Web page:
Peterson saw that Seton had diagnosed the weakness of the old bird books: they were virtually useless unless the bird was in the hand instead of the bush. He decided. like Yan, to draw the uniforms of the birds and, while he was at it, he realized that the silhouettes of birds in flight could be as distinctive as the uniforms, so he drew them too.
The sketches he took on his outings attracted the attention of other bird watchers. One day his friend Vogt asked him why he didn't pass what he’d done along to the public, in a book.
“Nobody knows me,” Peterson said. “Nobody would publish it.”
“You get it ready and I’ll get it published,” Vogt declared. But when it was ready all New York’s publishers rejected it. Then Vogt heard that Francis Allen, an editor of the Boston publishing house. Houghton Mifflin, was a bird watcher and sent him the manuscript. The day after receiving it Allen wired that he’d publish it but that the venture was such a gamble that he could pay no royalties on the first thousand copies sold. Peterson, who by then was teaching art and natural history at a boys’ school in Massachusetts, doubted whether there would be a market even for a thousand copies. Yet, in 1934. in the midst of the Great Depression, the first printing, two thousand, sold out within a week and seven thousand copies had been sold by Christmas. Total sales of this Field Guide, which has been completely revised twice and gone into thirty printings, have passed six hundred thousand and current sales are in the vicinity of fifty thousand a year, with Canadians accounting for around five thousand. The Field Guide, priced at about $5, is one of Houghton Mifflin’s all-time best sellers, having recently passed the Lloyd C. Douglas novel, The Robe.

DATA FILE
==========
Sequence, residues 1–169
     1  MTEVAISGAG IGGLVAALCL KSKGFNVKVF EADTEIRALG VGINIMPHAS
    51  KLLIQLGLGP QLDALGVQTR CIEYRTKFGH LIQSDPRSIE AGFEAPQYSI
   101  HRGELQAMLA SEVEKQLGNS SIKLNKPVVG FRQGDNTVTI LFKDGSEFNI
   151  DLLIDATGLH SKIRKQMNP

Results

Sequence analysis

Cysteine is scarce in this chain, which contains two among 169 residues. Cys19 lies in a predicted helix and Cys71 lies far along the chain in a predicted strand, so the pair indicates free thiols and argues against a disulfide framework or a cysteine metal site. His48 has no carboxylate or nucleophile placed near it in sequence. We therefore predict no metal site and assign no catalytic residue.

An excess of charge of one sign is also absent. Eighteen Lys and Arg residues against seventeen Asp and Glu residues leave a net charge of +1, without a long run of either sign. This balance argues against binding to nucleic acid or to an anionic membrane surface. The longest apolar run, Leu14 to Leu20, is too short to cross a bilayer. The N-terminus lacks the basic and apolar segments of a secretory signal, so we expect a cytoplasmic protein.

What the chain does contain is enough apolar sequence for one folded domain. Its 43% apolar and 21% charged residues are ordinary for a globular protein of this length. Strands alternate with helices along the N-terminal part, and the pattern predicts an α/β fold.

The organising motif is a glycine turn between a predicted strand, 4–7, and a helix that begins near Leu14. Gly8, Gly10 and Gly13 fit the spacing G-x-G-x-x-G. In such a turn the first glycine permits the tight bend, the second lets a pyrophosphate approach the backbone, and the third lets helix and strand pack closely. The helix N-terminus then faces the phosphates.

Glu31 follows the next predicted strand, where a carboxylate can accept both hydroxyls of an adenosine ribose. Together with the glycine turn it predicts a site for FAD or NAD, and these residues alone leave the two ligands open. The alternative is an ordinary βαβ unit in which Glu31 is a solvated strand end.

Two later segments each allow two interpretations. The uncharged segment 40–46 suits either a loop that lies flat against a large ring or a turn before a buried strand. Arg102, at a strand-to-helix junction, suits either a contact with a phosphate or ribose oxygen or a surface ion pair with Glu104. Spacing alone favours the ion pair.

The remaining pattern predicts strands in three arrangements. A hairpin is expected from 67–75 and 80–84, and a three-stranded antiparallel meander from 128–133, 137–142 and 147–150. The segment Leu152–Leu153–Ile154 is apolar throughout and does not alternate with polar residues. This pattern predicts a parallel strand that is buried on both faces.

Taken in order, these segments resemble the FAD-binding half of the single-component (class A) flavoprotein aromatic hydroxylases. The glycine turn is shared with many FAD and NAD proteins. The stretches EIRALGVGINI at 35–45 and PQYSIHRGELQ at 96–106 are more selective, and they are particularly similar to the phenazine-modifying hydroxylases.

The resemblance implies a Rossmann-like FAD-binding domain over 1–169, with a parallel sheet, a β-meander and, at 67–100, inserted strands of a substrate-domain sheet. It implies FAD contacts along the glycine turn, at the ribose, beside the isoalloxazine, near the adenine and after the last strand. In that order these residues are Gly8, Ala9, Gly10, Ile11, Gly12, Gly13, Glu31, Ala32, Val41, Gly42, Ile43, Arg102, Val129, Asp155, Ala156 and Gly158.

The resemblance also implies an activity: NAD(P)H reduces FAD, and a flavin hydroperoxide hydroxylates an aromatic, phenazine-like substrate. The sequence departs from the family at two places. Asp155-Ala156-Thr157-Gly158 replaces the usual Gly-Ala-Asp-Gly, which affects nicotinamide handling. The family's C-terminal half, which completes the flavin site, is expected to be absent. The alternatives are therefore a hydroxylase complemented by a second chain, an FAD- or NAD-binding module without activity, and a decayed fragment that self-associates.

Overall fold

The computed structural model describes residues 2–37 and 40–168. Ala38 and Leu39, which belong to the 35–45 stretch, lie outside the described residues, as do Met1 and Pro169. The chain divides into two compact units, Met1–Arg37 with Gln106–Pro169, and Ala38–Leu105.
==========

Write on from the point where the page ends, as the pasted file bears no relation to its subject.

During the war Peterson was in the army engineerin^orps and, for a while, did research for . ce on the effects
of DDT on wildl>.M£«g£his most valuable contribution was una^ owledged: aircraft recognition silhouettes, by which spotters could identify planes ¡Is flight, were suggested by Peterson’s bi 1 recognition silhouettes.
Demobilized, Peterson brought out Birds over America in 1948, How to Know the Birds in 1949, and, in 1951, Wildlife in Color and the special bird guide he illustrated for Newfoundland, in which, to
his eternal embarrassment, he painted four toes on a three-toed woodpecker. There was also a Junior Book of Birds. The much-translated Peterson gets a bang out of what translators do to his phonetic renditions of bird calls in English. The kittywake’s keet wack becomes, in French, keke oek, and, in Danish, tatterak. But, after all, Canadian ornithologists render the song of the white-throated sparrow as “sweet Canada, Canada, Canada” and U. S. ornithologists render it as “old Sam Peabody, Peabody, Peabody.”
Even for a modest man like Peterson,
there’s a satisfaction in finding out how far fame can spread. Not long ago he was with Carl Buchheister, president of the National Audubon Society, in a little Mexican fishing town on the Gulf of California. They were sightseeing in a taxi driven by a Mexican named Lallo, and, on the shore, saw some kind of a plover. They didn’t have a very good look at it and were arguing about its species when Lallo interrupted. “I, señores, will settle it,” he said. With which he produced, of all things, a Roger Tory Peterson Field Guide. ^